You are right that success stories are good. Yesterday at my appointment, I had a Lipiflow treatment – it felt good while it was being done, but it was pricey. I was given a prescription for Restasis, and will try it. We are willing to try anything, aren’t we? I walked out of new doc’s office yesterday in tears. I’m still having had time accepting this happened to ME!! But why not me? I know that dark place. I keep going through the motions, but wonder if it is worthwhile if this never ends.
Thank you for updating me about your appointment. I remember so well going to my car to cry after doctor appointments. Why can’t doctors understand this kind of agony? It’s horrible and it does make us desperate.
I tried a new eye drop for a few weeks and it burned and didn’t help. (It was called Azasite, and it’s supposed to help Blepharitis symptoms). Then I used Cliradex wipes for the last few days (tree tea oil), which was another remedy the doctor thought would be worth trying. Today, my eyelids are burning so much and I’m in a lot of pain again. I hate trying things that make my eyes worse!
On my better days, the pain is manageable. I’ve accepted the fog and floaters. If I get depressed, then I am in more pain. I still hope there will be a cure for me someday. I pray you are feeling better and that something will get you to a better place. Hang in there – it will come.
I find it very depressing that life is passing me by. I am glad I didn’t develop this when I was much younger as some have. But feel it wouldn’t have happened if I hadn’t had the surgeries I did. You know how that is.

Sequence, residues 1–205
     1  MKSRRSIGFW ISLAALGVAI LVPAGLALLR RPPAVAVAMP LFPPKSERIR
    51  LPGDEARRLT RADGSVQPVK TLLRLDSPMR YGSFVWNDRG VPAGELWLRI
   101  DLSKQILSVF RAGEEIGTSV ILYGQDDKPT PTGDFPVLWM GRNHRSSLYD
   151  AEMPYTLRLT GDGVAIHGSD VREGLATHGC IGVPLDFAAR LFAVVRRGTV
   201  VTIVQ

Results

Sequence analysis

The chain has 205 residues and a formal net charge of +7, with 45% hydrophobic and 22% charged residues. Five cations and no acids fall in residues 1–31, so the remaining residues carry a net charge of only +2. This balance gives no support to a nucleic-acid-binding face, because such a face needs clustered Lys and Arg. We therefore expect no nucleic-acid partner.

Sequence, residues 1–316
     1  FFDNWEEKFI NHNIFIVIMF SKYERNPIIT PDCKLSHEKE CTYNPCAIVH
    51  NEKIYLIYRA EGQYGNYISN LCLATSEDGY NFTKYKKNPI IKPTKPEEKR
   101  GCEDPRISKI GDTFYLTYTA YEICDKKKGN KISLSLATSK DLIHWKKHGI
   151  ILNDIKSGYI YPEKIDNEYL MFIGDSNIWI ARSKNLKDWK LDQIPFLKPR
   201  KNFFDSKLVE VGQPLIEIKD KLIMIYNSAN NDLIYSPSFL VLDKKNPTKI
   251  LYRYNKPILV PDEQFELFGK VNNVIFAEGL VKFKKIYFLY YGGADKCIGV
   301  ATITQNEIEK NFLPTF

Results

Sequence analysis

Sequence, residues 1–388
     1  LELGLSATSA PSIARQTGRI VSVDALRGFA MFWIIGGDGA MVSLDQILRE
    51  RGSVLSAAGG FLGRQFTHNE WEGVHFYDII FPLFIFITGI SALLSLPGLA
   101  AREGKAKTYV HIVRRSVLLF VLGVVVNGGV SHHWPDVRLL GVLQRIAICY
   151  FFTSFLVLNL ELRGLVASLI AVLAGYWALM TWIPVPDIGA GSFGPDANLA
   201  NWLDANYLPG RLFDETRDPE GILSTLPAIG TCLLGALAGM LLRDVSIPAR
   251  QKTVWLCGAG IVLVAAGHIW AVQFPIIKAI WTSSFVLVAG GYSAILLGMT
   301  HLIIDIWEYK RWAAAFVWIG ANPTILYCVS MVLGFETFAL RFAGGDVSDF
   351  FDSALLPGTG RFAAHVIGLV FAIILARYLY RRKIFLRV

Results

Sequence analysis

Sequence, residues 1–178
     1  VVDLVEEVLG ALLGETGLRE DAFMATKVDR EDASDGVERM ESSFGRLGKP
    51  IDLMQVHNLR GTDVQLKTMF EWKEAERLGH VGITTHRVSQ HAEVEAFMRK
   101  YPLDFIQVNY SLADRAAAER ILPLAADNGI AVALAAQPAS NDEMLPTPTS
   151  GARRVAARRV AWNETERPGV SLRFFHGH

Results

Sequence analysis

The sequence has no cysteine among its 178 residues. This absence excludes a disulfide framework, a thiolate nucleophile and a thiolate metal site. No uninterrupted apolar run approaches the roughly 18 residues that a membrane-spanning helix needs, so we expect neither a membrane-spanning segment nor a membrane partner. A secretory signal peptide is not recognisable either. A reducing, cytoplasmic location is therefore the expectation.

Today was one of my worst eye days in a long time. I am feeling very teary for someone with dry eyes. So I get to vent to you – it’s my turn.
All day long, my eyelids ached and I was in pain with foggy vision. I have so many things I want to do, but it’s hard to concentrate. I am fighting and struggling to overcome it.
You left such a supportive comment on the dry eye site yesterday; it was to comfort someone who was desperate. No one would have known you had such a bad day; you are so kind.
Every comment I make to help someone else, is something I tell myself when I am discouraged. That’s why I know about encouragement. I’ve lived with a lot of heartache and it sure helps when I see things as temporary.
I am having a hard time emotionally today as it is exactly six months since I was healthy!! February of 2015 was when I had cataract surgery that sent me down this path. If I had only had some inkling but as you said, it is better to accept it. But I am still bogged down hating it more times than not and it does make me depressed.
After 3 years of managing, I am sure you have been there and mostly risen above. I sure hope so. The one positive is I “met” you!!! Hope, hope, HOPE!